Another reader:

Perhaps I'm projecting too much, but to my mind atheism, including the so-called 'New Atheism' project, is not even at it's core about God and religion but rationalism, which is to say, a mindset that values reasoned, logical thinking over dogmatism and unwarranted assertions. From this stems atheism, which as Dawkins and the others have said, ultimately applies the same standard to the Christian/Jewish/Muslim god that they would apply to Zeus, Wotan, and any number of discarded gods.

This is not to say that from that the real-world implications of their ideas are insulated from the same dogmatism and intolerance that they decry. You point at Hitchens' hawkishness and were in turn pointed to PZ Myers' dismissal of your ideas, and I would also direct you to this post where Myers, one of the more rhetorically intemperate of the 'New Atheists,' takes Hitchens' war-mongering bellicosity to task. Hitchens zeal on, say, the Iraq war, I would argue is clouded by unwarranted certainty.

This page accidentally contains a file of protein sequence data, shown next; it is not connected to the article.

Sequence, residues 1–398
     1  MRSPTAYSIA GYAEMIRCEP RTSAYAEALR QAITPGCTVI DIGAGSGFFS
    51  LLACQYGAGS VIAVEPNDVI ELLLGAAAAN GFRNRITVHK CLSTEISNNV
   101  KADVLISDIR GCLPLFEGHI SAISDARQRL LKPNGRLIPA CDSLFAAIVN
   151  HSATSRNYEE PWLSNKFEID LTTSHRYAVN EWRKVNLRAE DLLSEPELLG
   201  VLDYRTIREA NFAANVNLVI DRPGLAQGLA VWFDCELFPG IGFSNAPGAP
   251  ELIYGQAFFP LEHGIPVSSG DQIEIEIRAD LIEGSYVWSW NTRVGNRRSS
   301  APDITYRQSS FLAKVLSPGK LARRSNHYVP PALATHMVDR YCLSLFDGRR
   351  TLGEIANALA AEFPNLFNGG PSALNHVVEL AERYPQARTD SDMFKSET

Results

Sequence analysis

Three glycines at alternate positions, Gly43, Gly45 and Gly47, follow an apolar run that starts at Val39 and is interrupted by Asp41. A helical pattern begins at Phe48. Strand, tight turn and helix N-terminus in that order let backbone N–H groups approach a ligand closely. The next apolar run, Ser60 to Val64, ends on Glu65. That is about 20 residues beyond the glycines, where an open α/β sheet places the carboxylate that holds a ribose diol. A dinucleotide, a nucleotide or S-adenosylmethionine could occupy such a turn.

To get back to my original point about rationalism, the religious aspect is only the one most pertinent to today's issues. Hitler came to power on a wave of nationalism, and the strains of communism have brought about more death than any religious war. But these too were a product of anti-rationalist thinking. Hitler's ideas on Teutonic supremacy had little basis in reality and in fact stretched back to the mass politics and antisemitism of the late 19th century. North Korea has elevated Kim Jung Il and his father into god-figures, and the Soviet Union famously and most disastrously rejected natural selection and genetics on ideological grounds as a "fascist science" and poured its agricultural resources in furthering bogus Lamarckian Lysenkoism.

The root problem is not religion, but irrational thought, of which religion is the most abundant and influential in today's world. A fine treatment of the problem as it existed half a century ago is Bertrand Russel's "An Outline of Intellectual Rubbish," which I came across, of all places, in The Portable Atheist, which Hitchens edited.